Dynamic Assessment in Patients Following Bone-Patellar Tendon-Bone Autograft Anterior Cruciate Ligament Reconstruction§

Roger Lyon*, 1, Xue-Cheng Liu 1, John Hung 1, Thomas W Kernozek 2
1 Department of Orthopaedic Surgery, Children’s Hospital of Wisconsin, Medical College of Wisconsin, 9000 W. Wisconsin Ave., P.O. Box 1997, Suite C360, Milwaukee, WI 53201, USA
2 Department of Health Profession, University of Wisconsin-La Cross, La-Cross, WI 54601, USA

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© Lyon et al.; Licensee Bentham Open.

open-access license: This is an open access article licensed under the terms of the Creative Commons Attribution Non-Commercial License ( which permits unrestricted, non-commercial use, distribution and reproduction in any medium, provided the work is properly cited.

* Address correspondence to this author at the Department of Orthopaedic Surgery, Children’s Hospital of Wisconsin, 9000 W. Wisconsin Ave., PO. Box 1997, Suite C360, Milwaukee, WI 53201, USA; Tel: 414.337.7325; Fax: 414.337.7337; E-mail:



The knee’s passive movement is insufficient to determine function in patients following ACL reconstruction.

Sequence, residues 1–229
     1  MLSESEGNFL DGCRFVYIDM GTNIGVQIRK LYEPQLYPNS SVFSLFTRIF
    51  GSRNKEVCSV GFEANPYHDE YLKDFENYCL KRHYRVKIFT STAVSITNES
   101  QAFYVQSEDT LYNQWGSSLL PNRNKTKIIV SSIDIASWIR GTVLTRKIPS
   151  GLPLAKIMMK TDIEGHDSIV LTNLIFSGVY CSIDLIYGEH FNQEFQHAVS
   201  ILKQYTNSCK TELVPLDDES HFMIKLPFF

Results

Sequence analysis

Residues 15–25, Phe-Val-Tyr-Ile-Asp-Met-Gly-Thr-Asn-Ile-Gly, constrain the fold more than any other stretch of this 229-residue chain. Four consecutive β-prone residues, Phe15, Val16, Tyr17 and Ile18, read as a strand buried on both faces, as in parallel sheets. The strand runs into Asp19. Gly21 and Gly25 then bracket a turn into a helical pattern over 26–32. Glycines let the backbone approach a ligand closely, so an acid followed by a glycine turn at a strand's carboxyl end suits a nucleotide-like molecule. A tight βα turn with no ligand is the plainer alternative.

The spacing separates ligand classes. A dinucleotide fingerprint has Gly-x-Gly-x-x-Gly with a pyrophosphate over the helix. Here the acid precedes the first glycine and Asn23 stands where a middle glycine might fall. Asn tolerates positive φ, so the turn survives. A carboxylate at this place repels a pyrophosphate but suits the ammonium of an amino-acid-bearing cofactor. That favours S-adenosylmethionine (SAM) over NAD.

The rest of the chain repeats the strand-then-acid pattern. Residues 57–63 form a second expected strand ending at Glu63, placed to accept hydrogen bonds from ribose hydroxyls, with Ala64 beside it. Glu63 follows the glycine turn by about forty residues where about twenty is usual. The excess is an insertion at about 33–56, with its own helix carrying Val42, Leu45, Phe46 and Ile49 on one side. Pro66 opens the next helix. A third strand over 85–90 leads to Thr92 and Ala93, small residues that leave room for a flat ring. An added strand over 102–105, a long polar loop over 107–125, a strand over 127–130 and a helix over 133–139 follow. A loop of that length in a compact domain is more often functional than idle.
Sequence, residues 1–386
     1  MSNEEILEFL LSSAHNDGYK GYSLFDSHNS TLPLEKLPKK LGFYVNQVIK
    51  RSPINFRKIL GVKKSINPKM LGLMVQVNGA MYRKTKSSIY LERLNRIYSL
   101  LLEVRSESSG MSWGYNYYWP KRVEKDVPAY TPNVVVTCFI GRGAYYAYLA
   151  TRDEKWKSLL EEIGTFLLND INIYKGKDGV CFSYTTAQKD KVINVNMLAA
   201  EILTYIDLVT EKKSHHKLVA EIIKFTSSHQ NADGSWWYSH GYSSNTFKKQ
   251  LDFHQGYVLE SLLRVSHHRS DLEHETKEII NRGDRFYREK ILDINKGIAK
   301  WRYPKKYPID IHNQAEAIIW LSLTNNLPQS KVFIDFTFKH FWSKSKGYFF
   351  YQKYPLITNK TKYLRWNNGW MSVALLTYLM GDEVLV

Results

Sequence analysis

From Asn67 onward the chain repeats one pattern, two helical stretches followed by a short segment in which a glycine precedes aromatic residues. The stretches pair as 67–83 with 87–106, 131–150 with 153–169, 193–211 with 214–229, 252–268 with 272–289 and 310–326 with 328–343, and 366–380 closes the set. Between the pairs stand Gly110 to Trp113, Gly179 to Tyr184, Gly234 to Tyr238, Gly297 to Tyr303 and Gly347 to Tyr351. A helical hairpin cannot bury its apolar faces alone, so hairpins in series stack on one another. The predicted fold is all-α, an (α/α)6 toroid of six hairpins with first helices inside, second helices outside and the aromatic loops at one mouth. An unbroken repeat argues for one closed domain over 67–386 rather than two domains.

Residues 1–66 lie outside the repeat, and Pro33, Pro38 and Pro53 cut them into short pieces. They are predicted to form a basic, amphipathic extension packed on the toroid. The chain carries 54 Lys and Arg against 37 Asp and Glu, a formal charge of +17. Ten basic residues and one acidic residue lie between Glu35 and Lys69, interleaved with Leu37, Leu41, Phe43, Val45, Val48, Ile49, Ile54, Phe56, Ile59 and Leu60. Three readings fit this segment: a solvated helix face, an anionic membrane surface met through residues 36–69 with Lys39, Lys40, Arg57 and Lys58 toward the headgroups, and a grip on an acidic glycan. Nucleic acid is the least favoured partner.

We hypothesize that there are kinematic differences in the lower extremities (LE) during stair climbing and ground level walking following ACL surgery between the intact and reconstructed sides.

Study Design:

This was a retrospective cohort study. Eleven patients with an average age of 15.3 years at the time of their ACL reconstructive surgery (BPTB autograft) participated in the study.


Patients were followed for at least 2 years post surgery. The subjects underwent a non-weight bearing ability test to reproduce predetermined knee joint positions. Their LE’s velocity and joint kinematics were then measured during level ground walking and on a set of custom designed stairs as they ascended and descended.


During level ground walking the maximum internal rotation at the ankle during the swing phase on the reconstructed side increased significantly from 2.3º to 19.9 º compared to the unreconstructed limb (P=0.04). The leading reconstructed knee during stair ascent exhibited less knee flexion as compared to the unreconstructed knee for each step (1st step: 74.2º vs 81.5º; 2nd step:93.6º vs 97.6º; 3rd step: 48º vs 53.5º; 4th step: 72.5º vs 78.1º; p<0.05).


A two-year follow-up study in adolescents who had a bone-patellar tendon-bone autograft demonstrated that they had normal knee proprioception and 3D joint rotations of the LE, while showing an alteration of the ankle and knee kinematics during walking or ascending stairs.

Keywords: ACL, gait analysis, proprioception, stair.